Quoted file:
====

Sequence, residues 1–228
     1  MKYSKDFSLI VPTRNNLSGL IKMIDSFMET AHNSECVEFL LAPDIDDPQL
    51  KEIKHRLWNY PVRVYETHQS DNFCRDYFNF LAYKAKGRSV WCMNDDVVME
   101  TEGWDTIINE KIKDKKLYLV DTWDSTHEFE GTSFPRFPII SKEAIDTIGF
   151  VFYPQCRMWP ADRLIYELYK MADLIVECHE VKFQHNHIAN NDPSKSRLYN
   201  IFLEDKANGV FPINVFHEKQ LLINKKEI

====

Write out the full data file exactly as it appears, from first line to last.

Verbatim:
Sequence, residues 1–228
     1  MKYSKDFSLI VPTRNNLSGL IKMIDSFMET AHNSECVEFL LAPDIDDPQL
    51  KEIKHRLWNY PVRVYETHQS DNFCRDYFNF LAYKAKGRSV WCMNDDVVME
   101  TEGWDTIINE KIKDKKLYLV DTWDSTHEFE GTSFPRFPII SKEAIDTIGF
   151  VFYPQCRMWP ADRLIYELYK MADLIVECHE VKFQHNHIAN NDPSKSRLYN
   201  IFLEDKANGV FPINVFHEKQ LLINKKEI